Cycle courier equipment
- Handlebar phone mount – a waterproof handlebar phone mount will enable you to use your phone maps or GPS system whilst cycling
- Reflective cycling clothing – essential to keep you or your employees safe if you’re going to be delivering goods at night
- Waterproof messenger bag or backpack – a robust and waterproof messenger bag is a must for safe transportation of mail or packages
- Panniers rack and waterproof panniers – another item transportation solution so you can carry more on the back of your bike
- A helmet – it only takes a moment to end your cycling courier career…
- A bike lock – get an approved lock with at least a bronze rating but preferably a gold rating. You’ll need a bronze lock if the insured value of your bike is less than £250, silver if it’s below £999 and gold if it’s more than £1000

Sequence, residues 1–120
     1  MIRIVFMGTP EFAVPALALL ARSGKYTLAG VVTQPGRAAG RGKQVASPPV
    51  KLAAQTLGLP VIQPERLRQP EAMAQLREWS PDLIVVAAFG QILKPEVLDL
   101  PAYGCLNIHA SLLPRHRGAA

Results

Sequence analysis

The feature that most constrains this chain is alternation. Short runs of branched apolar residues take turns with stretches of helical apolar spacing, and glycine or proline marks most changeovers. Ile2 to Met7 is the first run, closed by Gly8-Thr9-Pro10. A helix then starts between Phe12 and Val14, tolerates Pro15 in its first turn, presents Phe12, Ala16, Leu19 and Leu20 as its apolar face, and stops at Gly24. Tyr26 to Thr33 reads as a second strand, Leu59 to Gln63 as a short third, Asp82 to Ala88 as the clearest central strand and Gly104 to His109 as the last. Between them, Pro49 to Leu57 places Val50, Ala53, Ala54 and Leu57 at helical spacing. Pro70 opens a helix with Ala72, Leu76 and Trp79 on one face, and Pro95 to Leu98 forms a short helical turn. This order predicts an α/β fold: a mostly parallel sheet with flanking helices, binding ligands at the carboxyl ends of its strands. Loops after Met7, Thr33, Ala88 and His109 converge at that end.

Whether you’re a lone self-employed courier or you operate a fleet, having a uniform shows professionalism and creates a recognisable brand that could help you find more business.
This could be as simple as a printed t-shirt or a full, branded uniform.
“The biggest single outlay is acquiring a vehicle”, says Nightingale.
“If you are unable to raise the funds needed to purchase a van, some companies offer long term leasing arrangements which can offer an alternative, particularly if you have limited working capital: It’s exactly how I started my business!”
Your vehicle must be fit for purpose, but it’s also important to remember that the vehicles you use depend on the type of service you are planning to deliver. For example, large vans would be impractical if you’re planning to do lots of short drops, whereas motorbikes may offer a more suitable alternative.
That said, it depends on the type of goods you are planning to transport. Larger vans can offer some advantages, enabling multiple drops of larger items to be made.